Browning said that the Makerspace will also serve as “home base” for graduating seniors in engineering. When the campus returns to normal operations, they will spend countless hours in the Makerspace working with their senior design teams, presenting to their project sponsors, creating new components via 3D printing, and congregating with students from across campus in the mini-kitchen and creative lounge areas.
“When I first walked into the nearly complete Makerspace, I was awed by its size,” Browning enthusiastically said. “It’s difficult to imagine how much more can be accomplished by our students within these spaces until you walk around the new shop area, and meander down the rows of working tables, or pop into a meeting room. I am so excited that our students will have access to these state-of-the-art spaces to be able to complete professional work.”
In another dramatic effort to improve authentic learning experiences and prepare students for high-quality STEM careers, the SEB’s two-story distillation column will be a great asset for chemical engineering students and researchers. Chemical engineers use distillation columns to separate—or distill—liquid solutions into their component parts. In industrial practice, these columns can be many stories high, and larger columns can complete more complex distillations. Most labs in academic settings are constrained by their environment, merely providing bench-top distillation units for educational purposes. Needless to say, the SEB’s towering distillation column will be a game-changer for UTSA’s chemical engineering program, which was founded in 2017.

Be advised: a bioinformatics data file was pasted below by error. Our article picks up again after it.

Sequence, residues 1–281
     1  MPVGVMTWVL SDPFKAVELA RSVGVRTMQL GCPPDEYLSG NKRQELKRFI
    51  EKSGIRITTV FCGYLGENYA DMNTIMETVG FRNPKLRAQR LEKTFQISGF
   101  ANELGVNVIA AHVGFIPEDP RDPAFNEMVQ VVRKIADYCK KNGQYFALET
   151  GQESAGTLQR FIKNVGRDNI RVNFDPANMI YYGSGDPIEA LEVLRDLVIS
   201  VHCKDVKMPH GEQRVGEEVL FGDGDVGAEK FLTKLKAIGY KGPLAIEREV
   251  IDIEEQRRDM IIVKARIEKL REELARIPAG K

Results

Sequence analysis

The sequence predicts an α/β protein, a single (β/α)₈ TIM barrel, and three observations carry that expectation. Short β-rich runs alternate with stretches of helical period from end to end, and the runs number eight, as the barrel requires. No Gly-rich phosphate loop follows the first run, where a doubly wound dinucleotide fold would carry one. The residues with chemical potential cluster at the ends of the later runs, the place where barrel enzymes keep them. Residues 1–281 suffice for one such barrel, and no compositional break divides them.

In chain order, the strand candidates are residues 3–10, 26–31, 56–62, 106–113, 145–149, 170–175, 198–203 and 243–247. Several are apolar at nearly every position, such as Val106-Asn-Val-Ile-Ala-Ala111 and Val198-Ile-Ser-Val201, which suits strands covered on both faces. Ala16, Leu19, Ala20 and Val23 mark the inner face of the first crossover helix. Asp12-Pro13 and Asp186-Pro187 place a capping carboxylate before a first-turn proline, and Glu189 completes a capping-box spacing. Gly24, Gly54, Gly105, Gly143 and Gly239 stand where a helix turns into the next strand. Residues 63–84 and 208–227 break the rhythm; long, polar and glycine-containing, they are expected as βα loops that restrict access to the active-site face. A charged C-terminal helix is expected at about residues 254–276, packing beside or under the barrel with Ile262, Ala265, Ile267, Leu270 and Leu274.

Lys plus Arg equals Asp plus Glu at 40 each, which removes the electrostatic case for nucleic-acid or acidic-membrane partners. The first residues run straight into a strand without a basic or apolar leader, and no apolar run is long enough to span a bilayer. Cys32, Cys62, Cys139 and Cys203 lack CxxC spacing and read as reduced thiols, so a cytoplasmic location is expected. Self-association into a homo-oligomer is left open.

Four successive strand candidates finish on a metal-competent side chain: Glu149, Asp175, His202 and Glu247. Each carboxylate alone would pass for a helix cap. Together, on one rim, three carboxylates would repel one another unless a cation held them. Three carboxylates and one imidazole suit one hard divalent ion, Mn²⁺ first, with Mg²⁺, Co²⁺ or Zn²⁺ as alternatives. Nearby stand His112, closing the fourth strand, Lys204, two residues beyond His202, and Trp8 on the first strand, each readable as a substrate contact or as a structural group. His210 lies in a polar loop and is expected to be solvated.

The instrument was made possible by a gift from Bill and Margie Klesse through the Klesse Foundation. Gifts like these have a tremendous impact on UTSA’s aspirations for strategic growth and innovative excellence. “By providing our students with a two-story distillation column, thanks to the generosity of Bill and Margie Klesse, our students will be able to explore and learn in a more realistic engineering environment,” Browning said.
Although the distillation column is largely tucked away, transparency is a main feature of the SEB. Corridor windows surround second- and third- floor biology and chemistry labs, allowing students and other guests to view scientific displays. And every visitor will be greeted by the facility’s grand three-story collaboration space, basked in natural light by a curtain wall of glass on the building’s west side.
“No photo can do justice to experiencing that feeling of openness,” Jarrell said. He added that the fourth-floor windows provide a spectacular panoramic view of the campus and city.
The fourth floor houses the central facilities of the UTSA Brain Health Consortium, a transdisciplinary team that integrates researchers with expertise in regenerative medicine, neuroscience, biomedical engineering, psychology and behavior. It will be a cornerstone of the facility and a symbol for everything the SEB was meant to be: a space where world-class faculty and bright students can come together to create scientific solutions.
“A facility like the SEB recognizes and enables the power of mixing different groups and people to encourage collaboration as well as the serendipitous encounters that often spark new ideas and breakthroughs,” Silva said.
A few additional notes on the SEB: